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Working Through Co-Dependency

What is co-dependency?

Many people are confused about what the term “co-dependency” actually means. Co-dependency is an emotional and behavioral condition that affects a person’s ability to have a healthy relationship with normal boundaries. It is often passed down from one generation to another and often has its root in a dysfunctional family system. Some people call it “relationship addiction” because the co-dependent person cannot withdraw from the relationship – they have an excessive need to control the relationship and the other person. This can be emotionally destructive and even abusive. Co-dependency can be learned by modeling behavior on family members who display this type of unhealthy behavior.

What is a dysfunctional family?

A dysfunctional family is one that allows emotions such as fear, anger, shame and worry to be repressed and not spoken about or addressed in a way that allows healthy processing. Members of the family become accustomed to a repressed emotional existence and this can often be mixed with alcohol / drug abuse, sex addiction or other addictions.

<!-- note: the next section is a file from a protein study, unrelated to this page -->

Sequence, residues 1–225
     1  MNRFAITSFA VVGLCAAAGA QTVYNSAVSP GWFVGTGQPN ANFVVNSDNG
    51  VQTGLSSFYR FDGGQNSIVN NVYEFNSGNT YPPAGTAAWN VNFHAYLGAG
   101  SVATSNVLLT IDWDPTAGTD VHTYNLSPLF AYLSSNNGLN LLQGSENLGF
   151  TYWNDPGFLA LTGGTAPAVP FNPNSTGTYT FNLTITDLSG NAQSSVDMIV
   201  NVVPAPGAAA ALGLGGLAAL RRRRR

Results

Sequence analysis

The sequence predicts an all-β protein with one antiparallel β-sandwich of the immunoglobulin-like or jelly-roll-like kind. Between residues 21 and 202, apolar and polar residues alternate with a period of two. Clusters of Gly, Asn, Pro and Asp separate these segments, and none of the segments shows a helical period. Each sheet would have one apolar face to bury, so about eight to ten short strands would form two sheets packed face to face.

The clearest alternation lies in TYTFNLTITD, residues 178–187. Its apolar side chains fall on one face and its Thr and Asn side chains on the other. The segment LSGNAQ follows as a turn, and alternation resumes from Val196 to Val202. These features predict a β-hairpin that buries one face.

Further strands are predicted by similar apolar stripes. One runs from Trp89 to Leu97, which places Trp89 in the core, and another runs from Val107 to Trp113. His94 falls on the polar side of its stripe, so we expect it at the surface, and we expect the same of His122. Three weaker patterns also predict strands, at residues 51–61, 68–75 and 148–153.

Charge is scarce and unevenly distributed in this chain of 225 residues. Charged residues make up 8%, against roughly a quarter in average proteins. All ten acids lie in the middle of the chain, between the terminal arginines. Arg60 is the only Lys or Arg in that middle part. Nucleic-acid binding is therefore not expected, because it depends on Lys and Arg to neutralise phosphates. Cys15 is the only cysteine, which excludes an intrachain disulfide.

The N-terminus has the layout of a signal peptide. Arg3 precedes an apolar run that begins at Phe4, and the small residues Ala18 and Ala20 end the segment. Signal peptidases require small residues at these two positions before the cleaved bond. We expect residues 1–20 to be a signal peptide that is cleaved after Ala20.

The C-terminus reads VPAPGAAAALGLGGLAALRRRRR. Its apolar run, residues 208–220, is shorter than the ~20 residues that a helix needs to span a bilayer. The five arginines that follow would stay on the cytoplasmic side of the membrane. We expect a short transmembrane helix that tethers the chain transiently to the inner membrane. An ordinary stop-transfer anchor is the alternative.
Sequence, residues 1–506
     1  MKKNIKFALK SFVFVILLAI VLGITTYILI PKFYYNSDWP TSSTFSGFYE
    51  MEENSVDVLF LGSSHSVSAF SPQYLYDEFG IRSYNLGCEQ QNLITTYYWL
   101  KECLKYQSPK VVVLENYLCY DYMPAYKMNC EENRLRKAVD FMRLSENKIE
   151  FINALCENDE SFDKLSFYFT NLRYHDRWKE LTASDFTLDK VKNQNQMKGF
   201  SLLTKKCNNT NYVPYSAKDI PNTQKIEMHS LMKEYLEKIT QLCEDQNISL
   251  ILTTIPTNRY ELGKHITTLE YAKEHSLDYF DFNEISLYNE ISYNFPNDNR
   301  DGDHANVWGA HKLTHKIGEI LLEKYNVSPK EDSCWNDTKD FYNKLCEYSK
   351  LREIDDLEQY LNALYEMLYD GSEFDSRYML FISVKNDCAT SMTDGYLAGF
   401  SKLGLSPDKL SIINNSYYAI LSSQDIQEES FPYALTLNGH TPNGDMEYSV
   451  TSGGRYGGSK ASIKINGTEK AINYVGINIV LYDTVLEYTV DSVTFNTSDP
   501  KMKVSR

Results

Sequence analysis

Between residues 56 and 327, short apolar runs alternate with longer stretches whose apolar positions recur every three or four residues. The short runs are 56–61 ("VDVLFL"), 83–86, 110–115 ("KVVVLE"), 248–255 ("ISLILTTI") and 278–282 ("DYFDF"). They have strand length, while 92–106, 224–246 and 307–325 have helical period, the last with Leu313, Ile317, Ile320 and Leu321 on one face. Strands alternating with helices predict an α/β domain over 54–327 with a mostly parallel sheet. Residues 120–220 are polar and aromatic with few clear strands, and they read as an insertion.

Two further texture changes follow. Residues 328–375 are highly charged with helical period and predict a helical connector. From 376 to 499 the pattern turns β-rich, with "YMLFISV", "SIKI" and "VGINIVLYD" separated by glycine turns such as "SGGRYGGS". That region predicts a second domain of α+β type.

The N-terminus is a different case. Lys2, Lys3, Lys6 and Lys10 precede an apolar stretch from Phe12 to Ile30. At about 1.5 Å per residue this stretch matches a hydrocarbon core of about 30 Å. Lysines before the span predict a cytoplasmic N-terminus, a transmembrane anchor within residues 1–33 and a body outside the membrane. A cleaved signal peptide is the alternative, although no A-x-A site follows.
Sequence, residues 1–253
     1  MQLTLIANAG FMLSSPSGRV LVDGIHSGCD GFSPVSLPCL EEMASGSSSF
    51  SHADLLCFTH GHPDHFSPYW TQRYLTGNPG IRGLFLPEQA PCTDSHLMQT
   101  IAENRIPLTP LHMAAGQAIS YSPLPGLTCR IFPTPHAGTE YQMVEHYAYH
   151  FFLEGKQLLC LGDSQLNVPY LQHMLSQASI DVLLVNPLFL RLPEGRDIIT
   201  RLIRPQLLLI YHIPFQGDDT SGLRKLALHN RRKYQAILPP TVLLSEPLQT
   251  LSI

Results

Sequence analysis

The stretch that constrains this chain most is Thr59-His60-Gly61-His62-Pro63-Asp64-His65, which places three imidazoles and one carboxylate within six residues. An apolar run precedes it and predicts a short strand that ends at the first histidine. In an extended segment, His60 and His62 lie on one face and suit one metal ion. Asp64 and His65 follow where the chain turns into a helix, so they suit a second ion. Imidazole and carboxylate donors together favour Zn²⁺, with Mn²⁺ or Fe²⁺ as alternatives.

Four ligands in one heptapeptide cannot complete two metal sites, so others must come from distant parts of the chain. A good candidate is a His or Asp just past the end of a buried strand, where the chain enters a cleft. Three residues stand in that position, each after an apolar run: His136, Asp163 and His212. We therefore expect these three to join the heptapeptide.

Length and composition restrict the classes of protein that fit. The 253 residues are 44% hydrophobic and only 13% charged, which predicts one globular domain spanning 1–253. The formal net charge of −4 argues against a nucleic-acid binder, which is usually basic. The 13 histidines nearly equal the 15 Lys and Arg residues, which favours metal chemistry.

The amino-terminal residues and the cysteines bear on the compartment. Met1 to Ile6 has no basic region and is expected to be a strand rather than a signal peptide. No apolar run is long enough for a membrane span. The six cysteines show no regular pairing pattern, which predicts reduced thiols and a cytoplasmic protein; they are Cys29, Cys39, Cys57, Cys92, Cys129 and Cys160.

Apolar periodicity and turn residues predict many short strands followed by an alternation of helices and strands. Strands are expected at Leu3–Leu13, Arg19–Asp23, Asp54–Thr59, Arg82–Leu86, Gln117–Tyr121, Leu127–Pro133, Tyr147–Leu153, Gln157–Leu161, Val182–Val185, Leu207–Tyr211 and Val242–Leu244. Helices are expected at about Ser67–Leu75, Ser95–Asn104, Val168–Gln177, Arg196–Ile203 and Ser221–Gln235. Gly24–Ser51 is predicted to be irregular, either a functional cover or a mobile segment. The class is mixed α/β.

Co-dependent relationships…

Due to low self-esteem levels, a co-dependent person typically seeks to immerse themselves in a relationship in order to feel needed or loved. They take on a “rescuer” mentality – they rescue the alcoholic / substance dependent person they are with from troublesome situations, thus they enable their partner or child to continue the destructive pattern.

Co-dependency treatment

Patterns of co-dependency are often learned in childhood, thus treatment needs to explore the co-dependent person’s childhood experience and parenting model. Individual and group therapy can help the person shape a new view of themselves and what a healthy relationship looks like. Treatment will also help the person uncover feelings that were buried during childhood and will help them process these feelings. Treatment may also involve analysis of the family dynamics and any unhealthy patterns that permeate through the family history.

Perhaps you feel like this is you or someone you know? Our site offers online therapy via email as well as online support groups. If you are suicidal, please dial 911 (if you are in the U.S.) or the suicide hotline at 1-800-784-2433 (1-800-SUICIDE).